The Massachusetts Department of Correction announced on Tuesday that it intends to end its use of restrictive housing across state-run facilities over a multi-year process.
Although it’s a milestone, activists are reserving judgment until there’s more detail about how the state will carry out the process of doing away with the practice.
The state’s announcement comes after an independent report from Falcon Inc., which recommended that the DOC eliminate restrictive housing as currently defined, along with several other suggestions on how the Department can improve.
“This is an extraordinary step forward, and sets an example for other states also considering this important change in corrections,” Elizabeth Falcon, CEO and Founder of Falcon Inc, said in a statement. “Our colleagues in the Massachusetts DOC are working to significantly improve the lives and well-being of the people within its facilities, as well as the staff and professionals who provide services. We look forward to partnering in the implementation of these recommendations in the coming weeks and months.”
Elizabeth Matos, the executive director of Prisoners' Legal Services of Massachusetts, was more reserved about the announcement, saying there aren’t a lot of details yet.
“Even the proclamation by the DOC that it intends to end solitary is progress in and of itself, but of course the devil is in the details and we’ll have to see how things move forward from here,” she said.
In announcing that it plans to implement the Falcon Report’s recommendations, the Department commits to ending solitary confinement — one form of restrictive housing — in the Department Disciplinary Unit (DDU). The DDU allows for up to 10 years of solitary confinement. It would be dissolved altogether over the next three years in order to match the report’s recommendations. The timeline over which restrictive housing practices will be wholly, if at all, eliminated — defined as spending 22 hours per day, on average, confined in a cell — is not immediately apparent.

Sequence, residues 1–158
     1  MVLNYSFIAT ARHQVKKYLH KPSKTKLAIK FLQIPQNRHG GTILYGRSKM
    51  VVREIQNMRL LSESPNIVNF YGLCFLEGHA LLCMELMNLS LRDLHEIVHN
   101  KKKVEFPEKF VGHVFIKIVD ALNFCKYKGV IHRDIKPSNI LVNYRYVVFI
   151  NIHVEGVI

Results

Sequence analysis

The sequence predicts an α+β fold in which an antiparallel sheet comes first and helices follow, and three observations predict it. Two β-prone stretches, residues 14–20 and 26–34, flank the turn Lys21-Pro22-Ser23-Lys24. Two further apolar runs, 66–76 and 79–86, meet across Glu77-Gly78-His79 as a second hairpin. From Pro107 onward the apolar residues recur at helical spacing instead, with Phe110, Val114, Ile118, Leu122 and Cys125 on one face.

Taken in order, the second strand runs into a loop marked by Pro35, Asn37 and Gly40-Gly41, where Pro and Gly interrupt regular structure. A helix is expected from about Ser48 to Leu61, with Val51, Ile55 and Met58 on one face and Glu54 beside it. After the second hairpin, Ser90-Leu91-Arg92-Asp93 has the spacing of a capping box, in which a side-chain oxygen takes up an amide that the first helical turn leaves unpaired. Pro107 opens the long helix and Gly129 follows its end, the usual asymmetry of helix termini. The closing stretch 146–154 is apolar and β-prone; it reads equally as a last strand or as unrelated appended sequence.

Matos said that she and others have been working on reducing and ending the use of solitary confinement for decades in what she describes as a “major battle.”
Massachusetts is in the minority of states, she said, that allows people to be placed in solitary for up to 10 years for disciplinary infractions. She added that there’s plenty of evidence showing that restrictive housing, especially long-term solitary confinement, causes permanent psychological damage.
“Especially for people who already have some kind of mental health issue,” Matos said. “And we know that upwards of 80% of the incarcerated population, of people who find themselves in prisons and jails, are suffering from a mental health issue or a substance use disorder.”
Matos hopes the DOC will be open to input from the outside on how to carry out the process and said the announcement is something to be cautiously optimistic about.
“What we really need is a shift away from, again, this focus on punishment and control and really towards a major focus on treatment, rehabilitation and programming,” she said. “So that people are better equipped to succeed upon reentry, and not recidivate and not go back to prison. And, of course, be connected with more resouces in the community so that we could really realize that goal.”
In a joint statement, State Reps. Brandy Fluker Oakley and Liz Miranda responded to the Falcon report, writing, “we cannot afford to wait another second longer when we are aware of the ongoing atrocities that have been going on for years. It is now time to act on the call to action.”
“The DOC should implement these changes in their entirety, effective immediately,” the statement read. “To address the atrocious findings in the Falcon Report, the department needs to both change their policies for the long-term and embrace reform through a culture shift and evidence-based best practices throughout the department.”